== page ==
Java Docs: Constructors

Java Docs: Constructors
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#1

Java Constructors

What’s the point then? I should be able to store data in it right?

That’s when we use either getter (e.g., getName()) / setter (e.g., setName()) methods or in this case constructors to initialize a class. Basically every Java Class has a constructor, which is the method which is called first when any object of the class is initialized. Think of it as a bit of starter code.

When you write a class without any constructor, then Java assumes it has a default constructor :


public class Car {
    private String name;
}

Car modelS = new Car();

This initializing with no parameters is a way of calling the default constructor. You can also have a default constructor written yourself this way :

public class Car {
    private String name;

    public Car() {
        name = "Tesla";
    }
}

Then, when calling new Car(), the variable name will get auto-initialized to "Tesla".

Clearly, constructors are exactly what they sound like: they are used to construct i.e., instantiate an object of a particular class.
Constructors look similar to method declarations, but are slightly different in the sense that they:

  1. Are named exactly the same as the class.
  2. Don’t have a return type.

Hence, the purpose of using constructors is to provide:

  1. A way to instantiate an object.
  2. Provide initial values to a object properties.
  3. Control how an object is created.

Let’s look at another example. Say, Honda (the car manufacturer), wants all its cars to be named Honda <something>. In order to enforce this, we might represent this using a class as follows:

public class Car {

    private String name;

    //Constructor.
    public Car(String model){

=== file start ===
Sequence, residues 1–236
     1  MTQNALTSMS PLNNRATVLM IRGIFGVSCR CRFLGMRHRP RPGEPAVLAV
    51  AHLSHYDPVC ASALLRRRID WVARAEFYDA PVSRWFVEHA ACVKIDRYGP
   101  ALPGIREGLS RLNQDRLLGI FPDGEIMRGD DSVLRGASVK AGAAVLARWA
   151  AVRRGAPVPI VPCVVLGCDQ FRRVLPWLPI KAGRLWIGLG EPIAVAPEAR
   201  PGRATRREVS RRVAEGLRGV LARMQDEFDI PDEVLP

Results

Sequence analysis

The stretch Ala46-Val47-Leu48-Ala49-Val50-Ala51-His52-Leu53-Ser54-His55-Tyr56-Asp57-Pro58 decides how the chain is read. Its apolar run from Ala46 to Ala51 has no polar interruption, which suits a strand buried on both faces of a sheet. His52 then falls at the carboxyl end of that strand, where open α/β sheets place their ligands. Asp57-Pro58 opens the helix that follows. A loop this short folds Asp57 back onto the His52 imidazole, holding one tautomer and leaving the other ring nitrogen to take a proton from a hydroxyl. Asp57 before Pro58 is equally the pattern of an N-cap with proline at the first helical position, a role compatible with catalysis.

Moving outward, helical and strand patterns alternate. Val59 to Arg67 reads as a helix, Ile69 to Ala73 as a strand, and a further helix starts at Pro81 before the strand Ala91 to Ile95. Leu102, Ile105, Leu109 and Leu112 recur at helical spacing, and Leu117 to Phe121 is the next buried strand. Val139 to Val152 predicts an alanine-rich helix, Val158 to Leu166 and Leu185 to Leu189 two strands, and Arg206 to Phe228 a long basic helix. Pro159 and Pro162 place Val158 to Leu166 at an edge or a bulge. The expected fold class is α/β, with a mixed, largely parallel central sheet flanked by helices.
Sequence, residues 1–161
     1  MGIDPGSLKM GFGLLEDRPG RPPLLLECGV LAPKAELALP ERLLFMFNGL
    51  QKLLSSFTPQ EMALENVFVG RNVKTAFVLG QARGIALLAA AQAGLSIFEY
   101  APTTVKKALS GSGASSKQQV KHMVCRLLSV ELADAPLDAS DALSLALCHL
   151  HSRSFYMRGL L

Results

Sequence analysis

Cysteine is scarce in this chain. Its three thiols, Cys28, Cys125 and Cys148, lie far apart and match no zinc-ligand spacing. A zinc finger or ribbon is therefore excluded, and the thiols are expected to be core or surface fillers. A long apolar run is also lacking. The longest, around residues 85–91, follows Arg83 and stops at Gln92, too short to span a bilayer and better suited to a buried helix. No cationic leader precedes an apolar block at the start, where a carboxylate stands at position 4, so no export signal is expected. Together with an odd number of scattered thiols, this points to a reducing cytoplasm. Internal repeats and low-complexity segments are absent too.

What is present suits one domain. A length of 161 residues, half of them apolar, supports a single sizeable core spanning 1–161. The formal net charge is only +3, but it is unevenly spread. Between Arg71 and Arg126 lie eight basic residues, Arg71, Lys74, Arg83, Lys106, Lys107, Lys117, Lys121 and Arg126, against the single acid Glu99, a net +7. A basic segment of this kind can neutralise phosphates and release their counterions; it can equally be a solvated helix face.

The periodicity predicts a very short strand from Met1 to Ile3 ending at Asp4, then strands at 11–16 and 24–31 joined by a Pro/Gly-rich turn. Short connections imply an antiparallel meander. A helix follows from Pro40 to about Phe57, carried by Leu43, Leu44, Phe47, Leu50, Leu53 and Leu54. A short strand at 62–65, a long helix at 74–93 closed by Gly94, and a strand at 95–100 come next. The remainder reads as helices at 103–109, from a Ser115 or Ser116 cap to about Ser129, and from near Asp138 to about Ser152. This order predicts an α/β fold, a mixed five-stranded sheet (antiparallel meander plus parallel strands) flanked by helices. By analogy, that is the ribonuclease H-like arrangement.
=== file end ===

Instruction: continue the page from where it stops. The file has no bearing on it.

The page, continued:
this.name = "Honda " + model;
    }

    public String getName(){
        return this.name;
    }

    public static void main(String args[]){
        Car car = new Car("Civic");
        System.out.println( car.getName() );
    }
}

:rocket: Run Code

Notice that when we write a constructor in this way i.e., providing a parameter, we are controlling (point no. 3) the way an instance of Car is created. In short, we are saying in this example that you MUST provide a model name in order to get an instance of Car class.

Why is this important? There are times when you’d want one and only one instance of a class which you’d want to use in your entire application. One way of achieving this is by using a private constructor.

Assume you need a class to represent a Bank. You wouldn’t want people to create instance of Bank ever. So, you design your class:

public class Bank {

    private static Bank instance;

    private Bank(){

    }

    public static Bank getInstance(){
        if(null==instance){
            instance = new Bank();
        }
        return instance;
    }


}

:rocket: Run Code

Notice that the constructor is private. This enforces the fact that no one else is allowed to create an instance of the Bank.
In fact, if in another class, you try:

Bank account = new Bank(); //-> throws a compilation error: Bank() has private access in Bank.

So, the only way to gain access to the instance is by using Bank.getInstance(). Such instances are called Singleton since you get exactly one instance (per VM to be precise) throughout the life of your application.


#2